CONTENT PREVIEW
C4iSR: Air

Indian Jaguar 'test-flown with AESA radar'

14 August 2017

Key Points

  • HAL says it has test-flown a Jaguar fitted with an AESA radar
  • It remains unclear how many Jaguars are likely to receive such an upgrade

India’s state-owned Hindustan Aeronautics Limited (HAL) claims to have successfully test-flown an Indian Air Force (IAF) SEPECAT Jaguar multirole fighter fitted with an imported active electronically scanned array (AESA) radar in Bangalore on 10 August.Although HAL said an Indian Jaguar has flown with an AESA radar, it is unclear how many aircraft will ultimately receive such an upgrade. (Indian Air Force)Although HAL said an Indian Jaguar has flown with an AESA radar, it is unclear how many aircraft will ultimately receive such an upgrade. (Indian Air Force)

The Israel Aerospace Industries (IAI)/Elta-built radar, ground tested in February, would allow the Jaguars to track multiple targets and communicate in multiple frequencies via a higher bandwidth, HAL officials told Jane’s . It would also offer the twin-engine Jaguars “interleaved modes of operation, and higher accuracy and image resolution” as part of their ongoing upgrade by HAL aimed at extending their operational life by more than a decade.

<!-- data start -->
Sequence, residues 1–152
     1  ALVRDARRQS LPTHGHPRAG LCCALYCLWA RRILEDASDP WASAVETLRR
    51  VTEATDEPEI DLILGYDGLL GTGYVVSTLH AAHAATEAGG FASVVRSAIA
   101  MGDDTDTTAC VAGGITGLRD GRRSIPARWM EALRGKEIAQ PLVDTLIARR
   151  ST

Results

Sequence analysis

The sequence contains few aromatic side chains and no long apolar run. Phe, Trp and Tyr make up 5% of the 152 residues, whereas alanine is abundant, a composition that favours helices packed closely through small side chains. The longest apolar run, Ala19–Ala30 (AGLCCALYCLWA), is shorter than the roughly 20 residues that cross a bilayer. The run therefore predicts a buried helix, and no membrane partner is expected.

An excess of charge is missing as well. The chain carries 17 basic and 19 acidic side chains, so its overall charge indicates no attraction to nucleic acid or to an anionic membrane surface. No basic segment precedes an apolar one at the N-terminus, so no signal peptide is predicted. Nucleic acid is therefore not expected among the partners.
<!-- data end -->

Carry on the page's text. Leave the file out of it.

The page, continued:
Additional trials are needed before the AESA radar can integrated onto the Jaguars as part of their avionics architecture, HAL officials said. They declined to confirm which system is featured in the trials, although IAF sources have indicated it is the ELM-2052, which is the only AESA-type fire-control radar on the Elta website.

Alongside this radar the retrofitted Jaguars, according to IAF sources, are also likely to receive a pod-mounted radar jammer, which could be the Elta ELL-8212/22 or ELL-8251.

It remains unclear how many of the IAF’s 60 of about 120 IS/IM/IB licence-built Jaguars earmarked for an upgrade would eventually be fitted with the AESA radar.

Senior IAF officers said that, while the IAF’s fleet of 18-20 Jaguar IM maritime anti-shipping variants could accommodate the AESA radar, the nose of the Jaguar IS land-strike version – fitted with a cockpit laser designation system – would require modifications to take it.

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